Chancellor Kwasi Kwarteng will announce tax cuts worth £30 billion in an emergency budget focused on boosting economic growth.
Prime minister Liz Truss vowed to make tax cuts during the Conservative leadership campaign to provide “immediate” help for families and business struggling with inflation and the cost of living crisis. The Times reports that her chancellor is set to enact the PM’s pledges on Friday (September 23) by reversing the national insurance rise and scrapping the planned rise in corporation tax. Kwarteng will also announce he is lifting the cap on bankers’ bonuses.
A “source” told the Telegraph that the prime minister and chancellor are “focused on growing the size of the pie so everyone gets a bigger slice, rather than descending into a redistributive fight over how we slice and dice the pie.”
The emergency budget will mark a complete u-turn from former chancellor Rishi Sunak who introduced the tax rises in his last budget. During the Tory leadership campaign Sunak warned that Truss’s economic approach would cause an inflationary spiral. Truss claims the cuts will boost growth and thereby pay for themselves.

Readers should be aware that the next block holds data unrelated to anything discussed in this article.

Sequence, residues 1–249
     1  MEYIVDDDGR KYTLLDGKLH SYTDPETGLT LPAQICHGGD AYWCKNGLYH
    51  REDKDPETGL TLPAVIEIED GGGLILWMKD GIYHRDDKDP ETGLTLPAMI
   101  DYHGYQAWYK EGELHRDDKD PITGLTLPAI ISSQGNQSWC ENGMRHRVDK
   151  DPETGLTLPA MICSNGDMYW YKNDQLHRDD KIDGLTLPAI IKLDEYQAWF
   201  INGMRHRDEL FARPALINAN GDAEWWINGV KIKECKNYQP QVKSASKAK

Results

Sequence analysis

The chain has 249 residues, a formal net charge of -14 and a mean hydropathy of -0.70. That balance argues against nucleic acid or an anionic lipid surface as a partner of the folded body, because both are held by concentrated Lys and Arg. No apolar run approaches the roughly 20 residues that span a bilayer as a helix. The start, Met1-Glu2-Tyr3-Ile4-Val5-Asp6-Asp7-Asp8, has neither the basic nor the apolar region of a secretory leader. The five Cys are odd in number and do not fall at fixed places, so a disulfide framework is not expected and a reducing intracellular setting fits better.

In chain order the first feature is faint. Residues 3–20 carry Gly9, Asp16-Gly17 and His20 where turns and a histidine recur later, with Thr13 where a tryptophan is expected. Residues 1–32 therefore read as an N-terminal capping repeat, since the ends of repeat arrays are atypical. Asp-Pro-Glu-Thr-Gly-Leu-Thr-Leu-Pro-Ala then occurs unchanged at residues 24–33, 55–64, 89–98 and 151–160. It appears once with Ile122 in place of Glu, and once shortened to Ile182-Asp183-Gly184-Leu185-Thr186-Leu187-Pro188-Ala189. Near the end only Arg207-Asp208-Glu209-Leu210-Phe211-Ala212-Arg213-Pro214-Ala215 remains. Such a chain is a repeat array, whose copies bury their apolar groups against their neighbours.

Kwarteng’s first act as chancellor was to sack the Treasury’s most senior civil servant, Sir Tom Scholar. This week he is set to announce the members of a new Council of Economic Advisers which will give the government alternative advice to that of the Treasury.
The chancellor will also be announcing Big Bang 2.0 – a “financial services package” to make the City of London more competitive by cutting red tape and restrictions.
During Friday’s emergency budget Kwarteng is expected to provide details of the £150bn energy cap package that will keep average household bills at £2,500.
Business secretary Jacob Rees-Mogg is reportedly working this weekend on a support package to help British business. Rees-Mogg will unveil the plan on Wednesday (September 28) following discussions with No 10 and the Treasury.
On Thursday the new health secretary Thérèse Coffey is set to outline her vision for the NHS and the plans she has to take the crisis-hot service through the always difficult winter months.
Kwarteng’s emergency mini-budget on Friday is being called a “fiscal event” by the government. It has been delayed by the mourning period for the dead Queen and the chancellor had to get an extension to the parliamentary session as it was due to rise for its conference recess on Thursday. The Independent reports that MPs are expected to return from recess to Westminster a week earlier than expected on October 10.
The Guardian reports that Kwarteng is expected to deliver a full budget in November.